It’s really happening.
According to Steve Buckley of the Boston Herald, Theo Epstein is “on the cusp” of leaving the Red Sox to accept a job with the Cubs.
The new position is believed “to include powers greater than he has in Boston” and an announcement could be made “within the next 24 to 48 hours.”
It isn’t quite a done deal yet, though, as the Red Sox still hope to retain Epstein and would seek compensation if he decides to accept the job with Chicago. One source with knowledge of the negotiations tells Buckley that the Red Sox would want “something real” in return.
If Epstein does indeed take the Cubs’ job, most expect Red Sox senior vice president and assistant GM Ben Cherington will take over in Boston. Stay tuned for updates.
UPDATE: Alex Speier of WEEI.com quotes a source “familiar with the matter” as saying the Herald report is “not accurate.” Regardless, Speier writes that resolution is nearing and that the possibility that Epstein could leave the Red Sox is very real.
UPDATE II: David Kaplan of CSNChicago.com reports that the Cubs won’t give up their top major league players as compensation for Epstein. Compensation will happen, Kaplan’s source tells him, but it will likely be minor league talent at best.
OXON HILL, MD — Bill King has been selected as the 2017 recipient of the Ford C. Frick Award, presented annually for excellence in broadcasting by the National Baseball Hall of Fame and Museum.
King, one of the iconic voices of Bay Area sports, was known for his handlebar mustache and his signature “Holy Toledo!” exclamation. King broadcast A’s games for 25 seasons, from 1981 through 2005. He likewise broadcast Oakland Raiders and Golden State Warriors games and got his start as an announcer for the Giants in the late 1950s after they moved to San Francisco.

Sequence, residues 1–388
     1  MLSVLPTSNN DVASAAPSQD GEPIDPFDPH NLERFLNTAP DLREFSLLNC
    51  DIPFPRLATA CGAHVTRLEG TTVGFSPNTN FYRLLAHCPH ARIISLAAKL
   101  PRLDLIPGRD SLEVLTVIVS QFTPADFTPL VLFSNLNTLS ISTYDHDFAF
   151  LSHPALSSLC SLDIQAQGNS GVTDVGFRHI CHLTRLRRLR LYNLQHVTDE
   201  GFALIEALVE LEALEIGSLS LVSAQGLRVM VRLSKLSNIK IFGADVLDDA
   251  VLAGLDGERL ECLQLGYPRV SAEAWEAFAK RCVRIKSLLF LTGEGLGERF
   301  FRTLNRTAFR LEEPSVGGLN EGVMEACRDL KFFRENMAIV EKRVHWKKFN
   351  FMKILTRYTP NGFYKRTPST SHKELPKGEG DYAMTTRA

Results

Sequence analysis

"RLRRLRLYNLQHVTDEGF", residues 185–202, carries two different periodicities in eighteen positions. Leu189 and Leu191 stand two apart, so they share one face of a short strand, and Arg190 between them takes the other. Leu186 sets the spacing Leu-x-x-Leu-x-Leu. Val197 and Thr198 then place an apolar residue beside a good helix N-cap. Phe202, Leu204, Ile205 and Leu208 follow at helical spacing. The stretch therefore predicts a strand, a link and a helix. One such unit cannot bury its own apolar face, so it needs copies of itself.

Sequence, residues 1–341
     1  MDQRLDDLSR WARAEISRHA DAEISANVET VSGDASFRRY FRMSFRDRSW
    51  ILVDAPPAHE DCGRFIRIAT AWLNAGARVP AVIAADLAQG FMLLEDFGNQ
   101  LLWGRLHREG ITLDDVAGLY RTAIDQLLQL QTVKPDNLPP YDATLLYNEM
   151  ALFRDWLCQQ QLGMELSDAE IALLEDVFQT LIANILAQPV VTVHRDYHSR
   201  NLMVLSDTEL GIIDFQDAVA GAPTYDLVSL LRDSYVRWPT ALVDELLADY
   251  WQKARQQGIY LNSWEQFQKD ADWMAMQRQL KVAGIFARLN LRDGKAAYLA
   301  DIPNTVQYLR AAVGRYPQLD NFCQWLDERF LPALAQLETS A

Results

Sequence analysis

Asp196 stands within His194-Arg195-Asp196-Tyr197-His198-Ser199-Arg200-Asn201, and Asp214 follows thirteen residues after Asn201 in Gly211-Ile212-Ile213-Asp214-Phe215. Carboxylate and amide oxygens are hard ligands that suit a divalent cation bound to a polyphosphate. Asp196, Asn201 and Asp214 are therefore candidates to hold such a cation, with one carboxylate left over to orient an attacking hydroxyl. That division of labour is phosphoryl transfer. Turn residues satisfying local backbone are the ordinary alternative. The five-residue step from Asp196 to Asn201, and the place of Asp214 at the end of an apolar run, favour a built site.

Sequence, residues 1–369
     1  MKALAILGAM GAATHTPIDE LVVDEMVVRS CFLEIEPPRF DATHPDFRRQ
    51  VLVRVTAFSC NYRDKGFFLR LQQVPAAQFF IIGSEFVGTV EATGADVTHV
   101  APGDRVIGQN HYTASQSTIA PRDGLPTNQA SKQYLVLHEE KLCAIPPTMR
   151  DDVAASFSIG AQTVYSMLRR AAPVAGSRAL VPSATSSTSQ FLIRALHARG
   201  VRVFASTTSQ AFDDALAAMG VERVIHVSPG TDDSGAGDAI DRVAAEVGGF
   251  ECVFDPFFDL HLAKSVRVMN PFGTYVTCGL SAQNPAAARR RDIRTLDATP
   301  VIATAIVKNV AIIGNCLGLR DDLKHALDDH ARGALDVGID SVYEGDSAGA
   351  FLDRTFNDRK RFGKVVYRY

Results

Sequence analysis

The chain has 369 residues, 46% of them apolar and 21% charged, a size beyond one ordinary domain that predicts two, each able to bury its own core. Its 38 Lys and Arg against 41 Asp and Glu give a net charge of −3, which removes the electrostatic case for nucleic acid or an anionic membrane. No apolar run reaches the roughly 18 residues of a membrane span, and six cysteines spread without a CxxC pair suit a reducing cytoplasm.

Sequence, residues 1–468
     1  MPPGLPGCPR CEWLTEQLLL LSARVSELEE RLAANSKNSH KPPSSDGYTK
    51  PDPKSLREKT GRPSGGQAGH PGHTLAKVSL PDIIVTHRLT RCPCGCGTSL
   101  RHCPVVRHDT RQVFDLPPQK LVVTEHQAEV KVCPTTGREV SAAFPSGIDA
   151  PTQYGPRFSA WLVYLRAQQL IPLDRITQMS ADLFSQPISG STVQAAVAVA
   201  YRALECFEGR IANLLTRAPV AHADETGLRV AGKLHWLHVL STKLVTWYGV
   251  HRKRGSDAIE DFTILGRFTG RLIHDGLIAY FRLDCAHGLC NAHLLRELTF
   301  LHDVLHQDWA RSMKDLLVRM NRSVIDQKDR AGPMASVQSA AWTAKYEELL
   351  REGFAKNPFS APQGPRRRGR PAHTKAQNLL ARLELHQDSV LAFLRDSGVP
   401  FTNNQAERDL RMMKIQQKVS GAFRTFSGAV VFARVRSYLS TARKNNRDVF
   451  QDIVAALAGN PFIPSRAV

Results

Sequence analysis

King passed away in October 2005. With the Frick Award, however, he has now been immortalized among baseball broadcasters.
The Rockies have signed free agent outfielder/infielder Ian Desmond for five years and $70 million.
Desmond, 31, played his first season as a full-time outfielder with the Rangers in 2016. Before that he was the Nationals shortstop. He’ll almost certainly be an outfielder in Colorado, or else will play first base, as the Rockies have Trevor Story at short. Desmond hit .285/.335/.446 with 22 home runs, 86 RBI, 107 runs scored, and 21 stolen bases in 677 plate appearances, though he was much, much better in the first half than the second half.
The Rangers had placed a qualifying offer on him which he rejected, so the Rockies will have to give up their first round pick in the 2017 draft, which is 11th overall. That’s the highest pick a team can surrender under the qualifying offer system, as the first ten picks in the draft are protected.